Q: There has been a lot of controversy in the media about new recommendations on meat in these latest Dietary Guidelines. Should we be eating more or less protein foods? 

    A: It is important to clarify that there was no change to recommendations for meat (or overall protein) consumption in the 2015-2020 Dietary Guidelines. Three healthy eating patterns, which include a variety of protein foods (1 - Healthy U.S. Style; 2 - Healthy Mediterranean Style; and 3 - Healthy Vegetarian Style), are provided; the first two of these patterns include recommendations for meat intake. Data shows that some population groups, particularly teen boys and adult men, consume greater amounts of meat, poultry, and eggs than the Dietary Guidelines recommends. All Americans – and these two male groups, especially – would benefit from consuming a greater variety of protein foods, like seafood, legumes and nuts. 

    Q: What was the evolution of cholesterol recommendations included in the Dietary Guidelines and why were these changed in this latest edition? 

    A: The change in the cholesterol recommendations is a result of the increasing scientific rigor that is used to inform the Dietary Guidelines – this is a good example of why it is important for the guidelines to be updated every five years based on the total body of scientific evidence. The current data showed that there was not adequate evidence demonstrating a direct relationship between dietary cholesterol intake and LDL cholesterol levels. In contrast, the evidence does show that a clear relationship exists between foods that are high in saturated fats and LDL cholesterol levels. Many foods that are high in saturated fats also are high in cholesterol. Therefore, if you are following a healthy eating pattern that is low in saturated fats, the amount of dietary cholesterol you consume will also be low.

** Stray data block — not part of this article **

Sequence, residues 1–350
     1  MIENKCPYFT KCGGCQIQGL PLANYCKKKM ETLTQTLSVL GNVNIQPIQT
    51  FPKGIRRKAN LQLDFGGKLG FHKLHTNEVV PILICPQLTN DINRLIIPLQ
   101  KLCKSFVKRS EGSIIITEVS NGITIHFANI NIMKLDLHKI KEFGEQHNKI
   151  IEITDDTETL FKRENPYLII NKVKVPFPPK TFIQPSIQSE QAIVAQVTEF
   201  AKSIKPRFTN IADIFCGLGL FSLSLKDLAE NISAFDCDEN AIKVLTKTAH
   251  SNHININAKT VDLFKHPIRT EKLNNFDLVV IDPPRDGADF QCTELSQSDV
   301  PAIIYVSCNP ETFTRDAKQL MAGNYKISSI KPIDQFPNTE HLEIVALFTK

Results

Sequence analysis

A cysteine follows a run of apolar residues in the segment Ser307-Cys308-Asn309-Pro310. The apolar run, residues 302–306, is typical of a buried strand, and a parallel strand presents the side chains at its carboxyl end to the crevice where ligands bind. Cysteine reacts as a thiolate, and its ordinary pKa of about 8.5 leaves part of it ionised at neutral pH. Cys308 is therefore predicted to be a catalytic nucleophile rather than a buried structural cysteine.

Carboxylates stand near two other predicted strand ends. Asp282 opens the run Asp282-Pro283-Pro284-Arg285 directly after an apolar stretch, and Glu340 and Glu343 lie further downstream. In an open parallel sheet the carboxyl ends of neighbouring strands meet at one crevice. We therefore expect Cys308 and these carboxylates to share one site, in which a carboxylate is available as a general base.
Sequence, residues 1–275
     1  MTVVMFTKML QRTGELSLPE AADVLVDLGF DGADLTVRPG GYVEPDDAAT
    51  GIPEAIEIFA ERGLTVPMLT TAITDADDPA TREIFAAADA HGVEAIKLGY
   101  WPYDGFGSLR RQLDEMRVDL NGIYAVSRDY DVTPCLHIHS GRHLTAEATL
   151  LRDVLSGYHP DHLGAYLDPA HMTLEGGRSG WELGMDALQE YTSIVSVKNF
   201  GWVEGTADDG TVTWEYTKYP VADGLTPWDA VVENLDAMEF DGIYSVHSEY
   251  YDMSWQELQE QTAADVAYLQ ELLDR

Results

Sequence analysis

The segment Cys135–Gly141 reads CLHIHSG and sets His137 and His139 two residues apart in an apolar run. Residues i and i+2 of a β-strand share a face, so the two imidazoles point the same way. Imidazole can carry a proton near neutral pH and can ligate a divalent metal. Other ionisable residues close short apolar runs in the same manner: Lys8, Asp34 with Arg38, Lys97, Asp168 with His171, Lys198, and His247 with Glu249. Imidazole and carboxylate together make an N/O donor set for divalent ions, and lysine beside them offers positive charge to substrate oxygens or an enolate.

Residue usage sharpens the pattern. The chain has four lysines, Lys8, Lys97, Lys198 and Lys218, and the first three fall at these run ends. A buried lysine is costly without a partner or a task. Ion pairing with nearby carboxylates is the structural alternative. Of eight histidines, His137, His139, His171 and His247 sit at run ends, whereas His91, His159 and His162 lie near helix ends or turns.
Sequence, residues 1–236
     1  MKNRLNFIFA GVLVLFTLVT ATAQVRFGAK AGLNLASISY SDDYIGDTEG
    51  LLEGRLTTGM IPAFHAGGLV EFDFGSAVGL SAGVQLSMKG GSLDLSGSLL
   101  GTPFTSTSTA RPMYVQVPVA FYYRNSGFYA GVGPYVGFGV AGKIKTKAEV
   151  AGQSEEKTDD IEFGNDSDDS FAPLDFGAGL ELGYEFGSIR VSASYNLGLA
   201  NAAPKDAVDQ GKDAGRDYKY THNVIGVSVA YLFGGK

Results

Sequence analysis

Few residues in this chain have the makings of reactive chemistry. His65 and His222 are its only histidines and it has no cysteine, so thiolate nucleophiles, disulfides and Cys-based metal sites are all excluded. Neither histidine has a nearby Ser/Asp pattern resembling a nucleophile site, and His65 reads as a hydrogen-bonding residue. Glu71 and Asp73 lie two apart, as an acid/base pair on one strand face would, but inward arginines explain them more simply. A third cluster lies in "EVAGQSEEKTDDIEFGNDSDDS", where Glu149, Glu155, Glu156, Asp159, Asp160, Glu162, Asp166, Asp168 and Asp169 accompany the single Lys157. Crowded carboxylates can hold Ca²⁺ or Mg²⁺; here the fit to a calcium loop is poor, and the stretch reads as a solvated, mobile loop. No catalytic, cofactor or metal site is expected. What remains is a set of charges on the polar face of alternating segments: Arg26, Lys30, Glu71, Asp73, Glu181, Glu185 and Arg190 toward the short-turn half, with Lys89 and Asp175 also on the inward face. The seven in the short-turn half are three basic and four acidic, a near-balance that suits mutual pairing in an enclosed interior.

Health care providers and fitness professionals are critical partners in implementing the strategies in this edition of the Dietary Guidelines. We plan to release a toolkit on health.gov during National Nutrition Month in March that will help health and fitness professionals share the messages in the Dietary Guidelines with their clients and patients. Sign up for email updates to receive information about these resources at www.dietaryguidelines.gov.

    Viewpoints presented on the ACSM blog reflect opinions of the authors and do not necessarily reflect positions or policies of ACSM. 

    Katrina L. Piercy, Ph.D., R.D., ACSM-CEP is a physical activity and nutrition advisor in the U.S. Department of Health and Human Services’ Office of Disease Prevention and Health Promotion. She also is a lieutenant dietitian officer in the United States Public Health Service Commissioned Corps. She served as a policy writer for the 2015-2020 Dietary Guidelines for Americans and is the federal coordinator for the 2018 Physical Activity Guidelines for Americans. Dr. Piercy is an ACSM member and previously served on the Clinical Exercise Physiology Association (CEPA) Board.